Today I am going to write about a book which I quote often in my presentations. The book I am talking about is "How to be Rich" by J. Paul Getty. For people who are in the Los Angeles area, you might have heard about famous Getty museum in LA. Back in the 60s, he was named richest man in the world. I learned that How to be Rich is essentially a series of articles that Getty was commissioned to write by Playboy magazine. His intention was to explain himself and why he was a businessman, and secondly to get behind the myths of what it was like to have great wealth. Hence the title of the book: not to get rich, but to be rich.
Wildcatter to mogul
J. Paul Getty's (JPG) father, George Getty had grown up poor on an Ohio farm, but managed to get through law school supported by his wife. He became a successful Minneapolis attorney and did well in the Oklahoma oil rush.
JPG was born into this relative prosperity in 1892, an only child. He writes fondly of a teenage apprenticeship of a roustabout in the oil fields, then very much a dusty frontier place of rough men, "where gambling halls were viewed as the ultimate in civic improvements." In utter contrast, he then spent two years at Oxford University in the UK before returning to the States.
He had planned to enter the US diplomatic service but at 22 went into business on his own as a wildcatter (an independent oil driller and speculator) and got lucky with some oil leases. He was a millionaire by age 24. Deciding to "retire" he enjoyed himself for a couple of years, but his parents were not pleased, his father telling him that he had a duty to build and operate businesses that created wealth and better life for people.
The oil rush had shifted to California and Getty decided to invest in new oil leases near Los Angeles. His business rapidly expanded over the next few years, but his father's death in 1930 was a setback. It was said that Getty Sr. left JPG $15 million. Actually it was $500,000.
During the Depression of the 1930s, Getty came up with the idea of an integrated oil company spanning exploration, refining and retail marketing. He bought up oil stocks, which were now very cheap, purchased the Pierre Hotel in New York at a bargain price, and began a difficult 15-year take over of the Tidewater Oil company, then one of California's largest. After the Second World War Getty Oil gambled $12 million on oil concessions in Saudi Arabia. Though it took a further four years and $18 million for the wells to produce, by then the world had become aware of the vast reserves in the area, and the gamble paid off handsomely.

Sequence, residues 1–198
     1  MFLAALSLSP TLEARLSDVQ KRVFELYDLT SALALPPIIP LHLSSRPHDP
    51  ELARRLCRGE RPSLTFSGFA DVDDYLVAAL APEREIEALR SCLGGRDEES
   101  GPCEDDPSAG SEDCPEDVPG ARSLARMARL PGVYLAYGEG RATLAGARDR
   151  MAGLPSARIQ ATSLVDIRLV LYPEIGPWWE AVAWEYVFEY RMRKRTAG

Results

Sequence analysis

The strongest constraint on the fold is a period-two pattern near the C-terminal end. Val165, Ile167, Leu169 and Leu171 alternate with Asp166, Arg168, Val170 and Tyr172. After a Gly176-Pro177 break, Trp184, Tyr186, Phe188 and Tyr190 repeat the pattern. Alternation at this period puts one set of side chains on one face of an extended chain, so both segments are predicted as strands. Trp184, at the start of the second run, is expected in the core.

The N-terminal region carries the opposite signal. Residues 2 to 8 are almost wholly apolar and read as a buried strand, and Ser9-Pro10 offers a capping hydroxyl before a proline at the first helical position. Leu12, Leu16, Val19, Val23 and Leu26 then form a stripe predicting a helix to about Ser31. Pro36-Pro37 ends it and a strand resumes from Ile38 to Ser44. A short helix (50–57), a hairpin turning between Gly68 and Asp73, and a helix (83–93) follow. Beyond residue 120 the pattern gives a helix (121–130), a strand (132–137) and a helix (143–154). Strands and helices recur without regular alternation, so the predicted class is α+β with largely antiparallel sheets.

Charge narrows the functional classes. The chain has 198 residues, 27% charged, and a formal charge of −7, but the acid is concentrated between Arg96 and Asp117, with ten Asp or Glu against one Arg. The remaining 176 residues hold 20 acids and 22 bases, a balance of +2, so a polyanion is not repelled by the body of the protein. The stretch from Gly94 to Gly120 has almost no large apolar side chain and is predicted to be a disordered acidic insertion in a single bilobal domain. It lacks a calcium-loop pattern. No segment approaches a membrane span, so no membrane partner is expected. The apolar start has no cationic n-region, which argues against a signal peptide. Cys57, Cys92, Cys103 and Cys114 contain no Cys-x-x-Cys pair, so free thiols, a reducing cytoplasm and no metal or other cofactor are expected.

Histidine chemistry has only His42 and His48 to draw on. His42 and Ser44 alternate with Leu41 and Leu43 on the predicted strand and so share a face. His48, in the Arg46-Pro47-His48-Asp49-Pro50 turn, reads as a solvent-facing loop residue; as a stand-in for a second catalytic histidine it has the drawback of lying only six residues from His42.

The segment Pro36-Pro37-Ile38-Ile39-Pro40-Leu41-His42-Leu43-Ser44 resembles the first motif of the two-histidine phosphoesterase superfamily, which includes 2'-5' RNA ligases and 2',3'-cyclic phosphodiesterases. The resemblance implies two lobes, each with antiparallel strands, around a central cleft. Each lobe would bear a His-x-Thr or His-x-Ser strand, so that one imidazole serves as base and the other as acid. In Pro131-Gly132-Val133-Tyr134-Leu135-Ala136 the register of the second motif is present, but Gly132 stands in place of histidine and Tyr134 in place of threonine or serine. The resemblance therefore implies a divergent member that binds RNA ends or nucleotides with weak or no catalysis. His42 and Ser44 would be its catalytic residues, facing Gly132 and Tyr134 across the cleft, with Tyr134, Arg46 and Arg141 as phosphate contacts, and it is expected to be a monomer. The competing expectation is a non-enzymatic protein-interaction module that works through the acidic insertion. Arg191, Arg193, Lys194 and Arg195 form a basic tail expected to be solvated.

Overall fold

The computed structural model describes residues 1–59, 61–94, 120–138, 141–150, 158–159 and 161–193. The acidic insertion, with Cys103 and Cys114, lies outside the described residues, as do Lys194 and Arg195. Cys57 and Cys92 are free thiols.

In 1957, Fortune magazine named Getty the richest man in America with an estimated worth of $1 billion. He would from then on receive an average of 3,000 letters a week from strangers requesting money.
JPG's tip on success in business and in life
Beat your own path
How to be Rich was written at the zenith of large-company capitalism, when the species "organization man" evolved to make the most of his small place in the corporate machinery. Getty described this person as "dedicated to serving the complex rituals of memorandums and buck-passing." In contrast, Getty's "office" in his early years in the oil fields was the front seat of a battered Model T ford.
Most executives, Getty observed, would rather become "boot-lickers" to those above them than risk rocking the boat. This was actually counterproductive, because the only real security in the workplace was reserved for those who demonstrated that they could add value. Successful businesspeople, he believed, were usually rebels of some description whose wealth was built on rejection of the status quo. For example, Getty does not mention his purchase of low prices after the Wall street Crash as a boast, but to demonstrate that the person who does not follow the pack often "reaps fantastic rewards"